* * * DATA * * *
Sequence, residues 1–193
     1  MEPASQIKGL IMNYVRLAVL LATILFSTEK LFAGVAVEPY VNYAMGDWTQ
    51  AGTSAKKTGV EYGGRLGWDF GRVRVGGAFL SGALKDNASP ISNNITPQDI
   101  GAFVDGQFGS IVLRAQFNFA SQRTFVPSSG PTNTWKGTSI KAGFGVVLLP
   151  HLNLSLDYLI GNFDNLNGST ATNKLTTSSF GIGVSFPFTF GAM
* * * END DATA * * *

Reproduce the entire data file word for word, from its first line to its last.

Sequence, residues 1–193
     1  MEPASQIKGL IMNYVRLAVL LATILFSTEK LFAGVAVEPY VNYAMGDWTQ
    51  AGTSAKKTGV EYGGRLGWDF GRVRVGGAFL SGALKDNASP ISNNITPQDI
   101  GAFVDGQFGS IVLRAQFNFA SQRTFVPSSG PTNTWKGTSI KAGFGVVLLP
   151  HLNLSLDYLI GNFDNLNGST ATNKLTTSSF GIGVSFPFTF GAM